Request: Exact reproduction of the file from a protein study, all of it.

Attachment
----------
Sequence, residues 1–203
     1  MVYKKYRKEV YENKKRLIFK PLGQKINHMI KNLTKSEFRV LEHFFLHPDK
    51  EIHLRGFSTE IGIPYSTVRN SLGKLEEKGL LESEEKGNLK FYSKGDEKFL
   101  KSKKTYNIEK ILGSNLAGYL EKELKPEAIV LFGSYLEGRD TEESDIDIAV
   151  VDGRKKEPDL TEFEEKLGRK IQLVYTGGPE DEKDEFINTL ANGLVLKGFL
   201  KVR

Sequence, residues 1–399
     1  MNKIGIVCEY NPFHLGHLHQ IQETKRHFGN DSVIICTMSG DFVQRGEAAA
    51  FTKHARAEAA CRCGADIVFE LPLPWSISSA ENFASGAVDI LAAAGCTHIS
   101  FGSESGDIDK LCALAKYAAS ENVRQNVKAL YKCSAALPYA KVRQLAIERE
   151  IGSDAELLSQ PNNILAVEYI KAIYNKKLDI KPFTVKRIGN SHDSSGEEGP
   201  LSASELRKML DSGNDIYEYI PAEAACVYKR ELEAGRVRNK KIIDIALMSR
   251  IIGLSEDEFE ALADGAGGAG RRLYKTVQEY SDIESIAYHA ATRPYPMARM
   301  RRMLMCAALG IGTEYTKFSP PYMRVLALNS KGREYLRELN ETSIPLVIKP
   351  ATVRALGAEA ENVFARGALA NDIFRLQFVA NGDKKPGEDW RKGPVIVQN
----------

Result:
Sequence, residues 1–203
     1  MVYKKYRKEV YENKKRLIFK PLGQKINHMI KNLTKSEFRV LEHFFLHPDK
    51  EIHLRGFSTE IGIPYSTVRN SLGKLEEKGL LESEEKGNLK FYSKGDEKFL
   101  KSKKTYNIEK ILGSNLAGYL EKELKPEAIV LFGSYLEGRD TEESDIDIAV
   151  VDGRKKEPDL TEFEEKLGRK IQLVYTGGPE DEKDEFINTL ANGLVLKGFL
   201  KVR

Sequence, residues 1–399
     1  MNKIGIVCEY NPFHLGHLHQ IQETKRHFGN DSVIICTMSG DFVQRGEAAA
    51  FTKHARAEAA CRCGADIVFE LPLPWSISSA ENFASGAVDI LAAAGCTHIS
   101  FGSESGDIDK LCALAKYAAS ENVRQNVKAL YKCSAALPYA KVRQLAIERE
   151  IGSDAELLSQ PNNILAVEYI KAIYNKKLDI KPFTVKRIGN SHDSSGEEGP
   201  LSASELRKML DSGNDIYEYI PAEAACVYKR ELEAGRVRNK KIIDIALMSR
   251  IIGLSEDEFE ALADGAGGAG RRLYKTVQEY SDIESIAYHA ATRPYPMARM
   301  RRMLMCAALG IGTEYTKFSP PYMRVLALNS KGREYLRELN ETSIPLVIKP
   351  ATVRALGAEA ENVFARGALA NDIFRLQFVA NGDKKPGEDW RKGPVIVQN